HBO numbers prove superfight was super big at box office

Updated: October 25, 2007, 7:03 PM ET
By Dan Rafael | ESPN.com

A few days after pound-for-pound king Floyd Mayweather Jr. took a split decision from Oscar De La Hoya on May 5, the staggering numbers rolled into HBO PPV and De La Hoya's Golden Boy Promotions like a tidal wave.

The junior middleweight title fight, with 2.15 million pay-per-view buys, $120 million in PPV revenue, a live gate just shy of $19 million at the MGM Grand in Las Vegas and total gross receipts of about $150 million, had shattered every boxing box office record.

Floyd Mayweather and Oscar De La Hoya
Gabriel Bouys/AFP/Getty ImagesFloyd Mayweather, left, delivered last May -- both in the ring and at the box office.
They'll need to break out the bubbly all over again now that HBO has revised the pay-per-view figures with a final tally that is even more mind-blowing than the original projections.

HBO said with the buys now fully accounted for, the fight actually generated 2.4 million buys and $134.4 million in domestic PPV revenue, bringing the total revenue for the event to approximately $165 million.

It is common for early pay-per-view tallies to rise once all the buys are counted, but the magnitude of the boost came as a surprise.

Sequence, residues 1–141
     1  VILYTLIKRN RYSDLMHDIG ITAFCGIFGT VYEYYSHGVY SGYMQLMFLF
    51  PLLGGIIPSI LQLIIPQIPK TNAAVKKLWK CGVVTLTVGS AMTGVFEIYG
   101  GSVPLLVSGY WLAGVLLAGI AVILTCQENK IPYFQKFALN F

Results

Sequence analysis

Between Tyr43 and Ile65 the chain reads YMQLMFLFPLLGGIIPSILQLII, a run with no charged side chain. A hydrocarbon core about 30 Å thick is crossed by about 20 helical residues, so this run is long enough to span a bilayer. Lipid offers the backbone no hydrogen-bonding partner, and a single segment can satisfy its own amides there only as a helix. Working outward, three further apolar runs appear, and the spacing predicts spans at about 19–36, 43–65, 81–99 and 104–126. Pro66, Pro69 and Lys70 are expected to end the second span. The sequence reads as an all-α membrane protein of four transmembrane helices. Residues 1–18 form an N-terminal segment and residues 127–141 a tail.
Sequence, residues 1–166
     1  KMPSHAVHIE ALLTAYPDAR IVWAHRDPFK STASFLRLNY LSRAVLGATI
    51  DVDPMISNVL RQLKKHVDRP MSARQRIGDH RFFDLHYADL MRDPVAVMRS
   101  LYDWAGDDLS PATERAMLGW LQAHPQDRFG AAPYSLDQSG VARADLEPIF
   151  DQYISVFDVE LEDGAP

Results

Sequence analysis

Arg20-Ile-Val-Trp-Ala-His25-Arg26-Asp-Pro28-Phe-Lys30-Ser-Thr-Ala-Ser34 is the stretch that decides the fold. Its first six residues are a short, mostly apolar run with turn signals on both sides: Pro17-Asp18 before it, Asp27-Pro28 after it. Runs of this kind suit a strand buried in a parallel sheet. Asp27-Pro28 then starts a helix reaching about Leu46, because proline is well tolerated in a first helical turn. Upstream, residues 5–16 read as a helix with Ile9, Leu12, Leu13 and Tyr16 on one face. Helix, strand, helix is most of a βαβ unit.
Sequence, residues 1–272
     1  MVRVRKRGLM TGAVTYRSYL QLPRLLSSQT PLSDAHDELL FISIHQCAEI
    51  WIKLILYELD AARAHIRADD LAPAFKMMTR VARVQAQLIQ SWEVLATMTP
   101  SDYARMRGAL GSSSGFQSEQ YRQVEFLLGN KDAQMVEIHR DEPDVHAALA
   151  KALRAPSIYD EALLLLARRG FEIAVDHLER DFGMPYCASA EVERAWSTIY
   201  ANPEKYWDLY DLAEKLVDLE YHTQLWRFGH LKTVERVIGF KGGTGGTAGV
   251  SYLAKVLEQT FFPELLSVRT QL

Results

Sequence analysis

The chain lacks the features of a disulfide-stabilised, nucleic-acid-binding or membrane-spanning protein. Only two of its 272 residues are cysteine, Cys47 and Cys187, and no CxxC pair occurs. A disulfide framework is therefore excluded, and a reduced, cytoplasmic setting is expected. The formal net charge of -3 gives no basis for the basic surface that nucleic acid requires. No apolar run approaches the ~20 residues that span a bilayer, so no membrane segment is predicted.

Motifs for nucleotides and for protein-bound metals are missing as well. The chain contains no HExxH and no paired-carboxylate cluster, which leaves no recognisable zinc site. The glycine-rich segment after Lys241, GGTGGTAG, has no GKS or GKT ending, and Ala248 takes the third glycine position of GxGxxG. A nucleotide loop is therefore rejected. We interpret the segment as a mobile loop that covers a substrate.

"When you're talking about a record, with numbers that are so big, you want to get it exactly right, and it takes a long time to count to 2.4 million," HBO PPV chief Mark Taffet told ESPN.com on Thursday.

The amended figures also vaulted De La Hoya into first place as the all-time pay-per-view sales king. His 18 PPV fights have sold 12.8 million units, sending him past Evander Holyfield's record of 12.6 million, which does not include the undisclosed total for his Oct. 13 PPV fight against Sultan Ibragimov. But that fight is not expected to reach even 100,000 buys.

The increase from $120 million to $134.4 million in PPV revenue means De La Hoya's events have generated $626.4 million, extending his revenue lead over second-place Mike Tyson ($545 million).

To put the revised De La Hoya-Mayweather numbers in perspective, De La Hoya's 1999 welterweight unification match against Felix Trinidad set the old record for a non-heavyweight fight with 1.4 million units sold. De La Hoya-Mayweather eclipsed that by 1 million, or the total of De La Hoya's 2004 HBO PPV fight with Bernard Hopkins.

The old all-time record for PPV buys was 1.99 million set by the 1997 heavyweight championship rematch between Holyfield and Tyson (the ear-bite fight). Now, De La Hoya-Mayweather is comfortably in first place all-time by 401,000 buys.

The De La Hoya-Mayweather increase to 2.4 million buys means that the total from the original tally rose by 250,000, or about 20,000 more than the total for the March fight between Juan Manuel Marquez and Marco Antonio Barrera.

Mayweather has a much-anticipated fight with Ricky Hatton at the MGM Grand on Dec. 8 on HBO PPV. If it reaches the 1 million mark, which is possible with HBO committed to another batch of episodes of the hit reality series "24/7" that highlighted the buildup to De La Hoya-Mayweather, Mayweather would become the first non-heavyweight fighter to have back-to-back pay-per-view events reach seven figures. Even De La Hoya has never done that.

But De La Hoya is expected back in the ring May 3, 2008, for a fight that could easily reach seven figures regardless of his opponent.

Dan Rafael covers boxing for ESPN.com.